The participants in the futures market are as follows:
1. Participants on General Basis
i) Individual: Individual participants are sole trader or companies which are 90% owned or controlled by a sole-trader.
Individual participants may only trade for themselves and may not do give-ups.
ii) Broker: There are two types of brokers on the floor of the exchanges, i.e., commission brokers charge a fee for executing contracts/trades on behalf of their customer, whereas local traders trade for their own account.
There are different types of trades that can be passed to a commission broker. An individual or firm acting as an intermediary by conveying customers’ trade instructions. Other types of brokers are as follows:
- Market Maker: A market maker is a trader who trades for his or her own account.
- Account Executive: An account executive for a brokerage firm is often called customer’s broker. The account executive could be located in any town or city, and the account executive deals with his or her customers, conveying their orders to the exchange.
- Floor Broker: Floor Broker is a person with exchange trading privileges, who, in any pit, ring, post, or other p]ac provided by an exchange for the meeting of persons similarly engaged, executes for another person any orders for the purchase or sale of any commodity future delivery.
- Floor Trader: Floor traders are exchange members who trade futures contracts in the futures pit. A floor trader who trades solely for his own account is called a local. Locals provide liquidity for the market, usually by operating as scalpers. A scalper is a very short-term trader.
2. Participants on Trading Strategy Basis
i) Speculators: While hedgers buy or sell futures contracts to protect themselves against the risk of price changes, speculators buy or sell futures contracts in an attempt to earn a profit.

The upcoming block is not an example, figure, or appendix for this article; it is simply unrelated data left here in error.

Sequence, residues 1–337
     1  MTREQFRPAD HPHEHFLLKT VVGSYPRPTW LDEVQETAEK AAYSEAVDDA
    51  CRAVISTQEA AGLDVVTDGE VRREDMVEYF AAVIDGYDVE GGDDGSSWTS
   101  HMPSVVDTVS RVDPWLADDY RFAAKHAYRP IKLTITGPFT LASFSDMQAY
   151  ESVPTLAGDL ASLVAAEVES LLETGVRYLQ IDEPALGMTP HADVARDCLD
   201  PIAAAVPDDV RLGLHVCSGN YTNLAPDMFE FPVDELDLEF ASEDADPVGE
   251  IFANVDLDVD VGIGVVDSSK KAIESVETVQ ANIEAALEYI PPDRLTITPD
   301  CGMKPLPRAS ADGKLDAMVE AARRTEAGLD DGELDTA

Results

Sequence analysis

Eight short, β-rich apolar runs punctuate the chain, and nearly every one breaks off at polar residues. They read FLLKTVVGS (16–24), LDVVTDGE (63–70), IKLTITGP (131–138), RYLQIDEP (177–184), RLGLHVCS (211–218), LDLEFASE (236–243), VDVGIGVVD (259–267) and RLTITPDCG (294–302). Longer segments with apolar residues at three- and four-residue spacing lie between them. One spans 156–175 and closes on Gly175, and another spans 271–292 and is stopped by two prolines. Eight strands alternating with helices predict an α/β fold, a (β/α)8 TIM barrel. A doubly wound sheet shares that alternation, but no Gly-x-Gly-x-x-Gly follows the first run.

Speculators do not have a prior position that they want to hedge against price fluctuation. Rather they are willing to assume the risk of price fluctuation in the hope of profiting from them.
Speculators play a very important role in the proper functioning of the futures market. They absorb the excess demand (or supply) generated by hedgers and assume the risk of price fluctuations that hedgers want to avoid.
Speculators impart liquidity to the market, and their actions, in general, dampen the variability in prices over time.
ii) Hedgers: Hedgers are parties who are exposed to risk because they have a prior position in the commodity or the financial instrument specified in the futures contract.
For example, a farmer may be expecting produce of tonnes of wheat from his farm two months hence, or an investor may currently own a broadly diversified portfolio of equity stocks worth ₹ P million now.
By taking an opposite position in the futures market, parties who are at risk with an asset can hedge their position.
For example, the farmer may sell wheat futures, and the investor may sell stock index futures. By doing so, they can shield themselves against the risk of unexpected price changes.
iii) Arbitrageurs: An arbitrageur uses futures contracts to exploit price differences between different markets.
The term is mainly applied to trading in financial instruments, such as bonds, stocks, derivatives, commodities, and currencies.
Opportunities to arbitrage take place throughout the world markets, and derivatives are sometimes used to exploit these.
Individuals and institutions may also look for arbitrage opportunities, as when the current buying price of an asset falls below the price specified in a futures contract to sell the asset.
iv) Spreaders: A spreader is a trader or investor who takes out whatever differential might exist between two different markets and capitalizes on that disparity.
Some people trade an Intermarket spread, which is one market’s calendar month against another calendar month, and others spread intramarket, which is one contract against a completely different market.
An example of an intramarket spreader is a trader who makes a market in pork bellies versus live cattle or S&P versus NASDAQ.
An example of an Intermarket spread is; trading the August live cattle versus October or trading the S&P December contract against the S&P March contract.